Article by Sofia Bergmann // Aug. 16, 2018
In ‘A Grain Within a Cloud of Dust’ at Galerie im Turm, Gil Delindro makes the invisible visible—and audible. With the Algerian-Moroccan desert as his starting point, he extracts the location’s expansive yet sparse and lifeless qualities, bringing them to the Berlin metropolis. Standing in front of the gallery’s entrance, one can already hear sonic moans bellowing from the five speakers inside.
This overwhelming sound, titled Drone Music, is created by a machine receiving data from sensors that detect fluctuations in the frequencies of the electromagnetic field outside the gallery, as well as the frequencies of hanging volcanic rocks in the gallery, brought from the desert. The rocks hang under a decaying tree trunk, which also houses the receiver, and the resulting experience consumes viewers with moments that range from unbearable loudness to complete silence and everything in between. Like in much of Delindro’s previous work, sound is his chosen medium to convey the untouchable, unquantifiable qualities of matter.
The installation of the tree trunk, Ebor, encapsulates the tensions between life and death, the natural and the staged: a dead tree that still hosts green moss, lively ants and spiders is surrounded—and invaded—by manmade structures and technology. Wires connecting sensors to machines and machines to speakers are intertwined with the trunk, its living inhabitants and the volcanic rocks.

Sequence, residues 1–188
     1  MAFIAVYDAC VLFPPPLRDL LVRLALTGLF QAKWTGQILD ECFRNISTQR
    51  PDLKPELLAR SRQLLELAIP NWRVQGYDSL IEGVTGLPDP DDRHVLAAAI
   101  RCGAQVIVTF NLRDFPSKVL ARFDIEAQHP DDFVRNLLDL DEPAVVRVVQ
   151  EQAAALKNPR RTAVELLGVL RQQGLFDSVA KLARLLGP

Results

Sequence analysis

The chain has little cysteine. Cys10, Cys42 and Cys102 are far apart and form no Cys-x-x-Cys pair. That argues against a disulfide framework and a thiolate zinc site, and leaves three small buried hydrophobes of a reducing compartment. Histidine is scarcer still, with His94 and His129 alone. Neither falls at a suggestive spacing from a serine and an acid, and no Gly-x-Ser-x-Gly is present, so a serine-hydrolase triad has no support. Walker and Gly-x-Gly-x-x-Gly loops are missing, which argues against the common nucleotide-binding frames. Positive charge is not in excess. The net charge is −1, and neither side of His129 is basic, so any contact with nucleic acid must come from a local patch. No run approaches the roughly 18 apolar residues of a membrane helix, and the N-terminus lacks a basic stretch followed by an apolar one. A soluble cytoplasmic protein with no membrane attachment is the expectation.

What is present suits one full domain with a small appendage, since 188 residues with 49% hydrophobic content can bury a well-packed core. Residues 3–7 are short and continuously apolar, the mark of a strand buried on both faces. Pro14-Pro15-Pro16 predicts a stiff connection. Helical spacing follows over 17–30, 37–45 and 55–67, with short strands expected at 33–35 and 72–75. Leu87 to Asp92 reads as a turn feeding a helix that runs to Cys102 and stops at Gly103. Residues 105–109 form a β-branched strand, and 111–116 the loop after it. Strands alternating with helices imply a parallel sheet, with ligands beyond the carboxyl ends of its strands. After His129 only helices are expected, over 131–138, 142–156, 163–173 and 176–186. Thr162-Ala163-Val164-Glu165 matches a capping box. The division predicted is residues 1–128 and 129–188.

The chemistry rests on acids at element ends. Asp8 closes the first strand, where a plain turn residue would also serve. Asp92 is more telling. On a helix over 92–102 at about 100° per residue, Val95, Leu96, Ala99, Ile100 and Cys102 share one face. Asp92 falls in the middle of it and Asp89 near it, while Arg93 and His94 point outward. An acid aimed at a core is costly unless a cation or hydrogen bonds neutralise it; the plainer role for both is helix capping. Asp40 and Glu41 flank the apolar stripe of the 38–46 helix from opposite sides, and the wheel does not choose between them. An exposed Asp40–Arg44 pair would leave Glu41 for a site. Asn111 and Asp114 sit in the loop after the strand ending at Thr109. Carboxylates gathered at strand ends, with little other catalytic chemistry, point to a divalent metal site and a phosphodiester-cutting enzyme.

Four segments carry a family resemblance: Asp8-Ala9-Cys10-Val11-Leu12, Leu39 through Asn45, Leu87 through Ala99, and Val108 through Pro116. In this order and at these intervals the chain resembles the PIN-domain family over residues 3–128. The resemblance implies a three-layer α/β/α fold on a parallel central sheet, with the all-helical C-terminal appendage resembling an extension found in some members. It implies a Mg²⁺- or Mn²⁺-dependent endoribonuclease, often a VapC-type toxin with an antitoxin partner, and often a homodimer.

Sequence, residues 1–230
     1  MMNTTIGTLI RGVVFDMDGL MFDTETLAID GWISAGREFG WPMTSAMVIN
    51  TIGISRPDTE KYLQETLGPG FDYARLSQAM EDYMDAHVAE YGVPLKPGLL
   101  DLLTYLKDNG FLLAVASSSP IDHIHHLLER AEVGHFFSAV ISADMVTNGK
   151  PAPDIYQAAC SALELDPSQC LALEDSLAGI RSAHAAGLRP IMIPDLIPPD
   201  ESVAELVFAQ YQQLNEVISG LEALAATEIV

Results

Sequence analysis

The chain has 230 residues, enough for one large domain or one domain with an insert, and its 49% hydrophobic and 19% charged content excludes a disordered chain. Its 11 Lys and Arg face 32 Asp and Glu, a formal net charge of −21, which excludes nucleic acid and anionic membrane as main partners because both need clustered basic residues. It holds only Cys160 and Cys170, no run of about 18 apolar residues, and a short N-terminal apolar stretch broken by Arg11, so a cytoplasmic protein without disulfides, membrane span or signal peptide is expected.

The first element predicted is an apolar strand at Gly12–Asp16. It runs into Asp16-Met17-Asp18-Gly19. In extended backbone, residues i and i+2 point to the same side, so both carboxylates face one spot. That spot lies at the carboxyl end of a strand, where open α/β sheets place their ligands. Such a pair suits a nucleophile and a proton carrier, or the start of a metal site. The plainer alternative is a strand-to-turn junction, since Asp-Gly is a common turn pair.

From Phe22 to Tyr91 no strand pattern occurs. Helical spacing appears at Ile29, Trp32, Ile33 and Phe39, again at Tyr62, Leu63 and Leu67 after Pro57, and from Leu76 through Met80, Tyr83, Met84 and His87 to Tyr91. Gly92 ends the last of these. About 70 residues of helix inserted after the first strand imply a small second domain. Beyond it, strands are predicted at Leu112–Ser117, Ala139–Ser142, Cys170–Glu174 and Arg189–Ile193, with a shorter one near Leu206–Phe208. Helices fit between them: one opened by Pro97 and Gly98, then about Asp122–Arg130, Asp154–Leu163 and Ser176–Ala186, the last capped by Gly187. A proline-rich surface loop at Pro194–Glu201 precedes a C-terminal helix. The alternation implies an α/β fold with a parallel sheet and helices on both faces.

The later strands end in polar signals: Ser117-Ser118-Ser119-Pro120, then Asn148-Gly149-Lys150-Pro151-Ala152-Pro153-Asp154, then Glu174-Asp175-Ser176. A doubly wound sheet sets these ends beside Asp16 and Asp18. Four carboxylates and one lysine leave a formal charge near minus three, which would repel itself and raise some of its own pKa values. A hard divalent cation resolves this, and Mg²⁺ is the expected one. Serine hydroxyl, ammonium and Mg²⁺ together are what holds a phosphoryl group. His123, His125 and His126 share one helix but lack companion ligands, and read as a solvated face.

Elsewhere in the gallery, Cartographies comprises five stones—collected from the Algerian-Moroccan border, Auvergne Volcanoes Regional Park and Balkan Mountains—each of which is placed on a rotating disk embedded within a larger display table. As the stones slowly move in circles, thin microphones caress their surfaces, like a needle gently touching the surface of vinyl on a turntable. These microphones enhance the otherwise inaudible sounds of the rocks’ movements and textures, and viewers can listen in through corresponding headphones. The piece might bring together disparate geology but more importantly, it uses manmade objects to bring attention to the intricate and unheard details of the natural world.
Delindro is known for his use of several mediums—including sound, video, performance and installation—to manipulate nature in a way that sheds light on concepts of time, decay and geology in a range of landscapes. He’s previously drawn upon places like Brazil, the Sahara and his home country of Portugal. With this work that began in the Algerian-Moroccan desert, he illuminates our complex relationship with natural surroundings. After seeing ‘A Grain Within a Cloud of Dust,’ viewers become more aware of not only their position but also the micro-scale natural occurrences within the cacophony of the everyday, urban world.